The way media user engages to media has been shifting from consumer who response to the media i.e. discussing the media to produser where the user is at the same time generating and creating content. This shift that indicates a strong participation should be deemed as a help especially for marketing managers to engage with the communication on social media and manipulate it for the brands benefit.
Social networking sites, such as social media, become increasingly ubiquitous (Boyd, 2012). The increase, as suggested by Hinton and Hjorth (2013, p. 18 – 21), is triggered by the fact that social media enables the user to share and create content. Berthon, Plangger, and Shapiro (2012) explains that Web 2.0, which defined as social networking sites by Hinton and Hjorth, is the platform that enables “collective media” and consumer-generated content. From these arguments, it can be inferred that participation has become the prominent quality from social media.
Hinton and Hjorth (2013, p. 57 – 60) further argues that the participation is more than just public responses i.e. public discourse, but the fact is the participation has turned the user to become the media producer too or in Bruns’ term: ‘produser.’ Similarly, Berthon et al. (2012) argues that user is the one “who produce much of the value-added content in social media” and share it to the networks. They further compile the findings from different studies and draw a spectrum of user creativity. It is begun from informal discussions about products and services; the next step is a structured review and evaluations in text or video; then trough their own creation of advertising videos, the user actively promotes or demote brands; and then at the end of the spectrum the user involved in the innovations of the product and service.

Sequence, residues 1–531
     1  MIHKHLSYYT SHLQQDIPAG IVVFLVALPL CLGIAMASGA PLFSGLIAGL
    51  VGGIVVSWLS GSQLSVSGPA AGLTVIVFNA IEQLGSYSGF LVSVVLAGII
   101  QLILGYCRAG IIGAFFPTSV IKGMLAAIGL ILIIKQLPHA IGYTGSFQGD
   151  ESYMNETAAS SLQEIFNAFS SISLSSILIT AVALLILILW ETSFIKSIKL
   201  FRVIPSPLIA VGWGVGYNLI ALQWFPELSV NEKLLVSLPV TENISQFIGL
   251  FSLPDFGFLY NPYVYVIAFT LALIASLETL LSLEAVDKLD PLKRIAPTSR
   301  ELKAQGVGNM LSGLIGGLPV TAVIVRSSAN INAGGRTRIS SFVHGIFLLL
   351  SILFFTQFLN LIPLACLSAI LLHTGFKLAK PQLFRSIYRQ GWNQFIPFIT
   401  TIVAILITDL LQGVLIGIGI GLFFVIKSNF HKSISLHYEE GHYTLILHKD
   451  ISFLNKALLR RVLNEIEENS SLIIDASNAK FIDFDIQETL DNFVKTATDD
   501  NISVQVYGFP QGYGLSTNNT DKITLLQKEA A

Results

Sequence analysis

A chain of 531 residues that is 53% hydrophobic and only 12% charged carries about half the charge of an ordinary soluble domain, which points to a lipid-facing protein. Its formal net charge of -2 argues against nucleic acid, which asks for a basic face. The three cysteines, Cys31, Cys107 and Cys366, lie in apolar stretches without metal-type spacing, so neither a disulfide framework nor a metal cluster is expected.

Having said that, it can be concluded that one of the communication behaviour of social media user is to produce media and share it. Such behaviour should be embraced especially by marketing managers so that they can share the burden of promoting their brands with the public with the aim to reach bigger number of audience. The conclusion inspires the #celebratingYOU campaign, a campaign established for Ulos by Oti.
In setting up the campaign, Ulos by Oti believes on the idea that people are on social media because they want to be present and they want to share their presence to others (Hinton and Hjorth, 2013, p. 16 – 17). The idea shapes the communication behaviour of social media user as explained previously. Ulos by Oti is a fashion brand that engages with a specific audience which is fashion community. If the general social media user portrays as produser, according to Pihl (2014) the member of fashion community on social media also act as produser with strong ties between the members of the community and certain degree of centrality where one member might influence other members. This makes it possible for Ulos by Oti to manipulate the electronic Word of Mouth and share the burden of promotion with its audience.
Departing from the finding above, the campaign incorporates a selfie contest which the winner of the contest is the selfie with the most likes. The contest functions as a game that provides an avenue for the audience to create a content i.e. a selfie as well as to generate a content i.e. share their selfie to collect likes. The campaign tries to utilise almost all available features on social media, especially Facebook, to increase participation that might results in higher reach. A similar campaign strategy has been done by the Burger King in New Zealand in 2014. The theme of the campaign is Cheat on Beef with the new chicken burgers and this theme was previously used in the US and the UK but with much less significant result. The reason why it was not as successful in the US and in the UK is because they did not involve social media that indicates less participation. The New Zealand campaign optimised the use of social media that triggered participation. It created a hype that encouraged people to take part.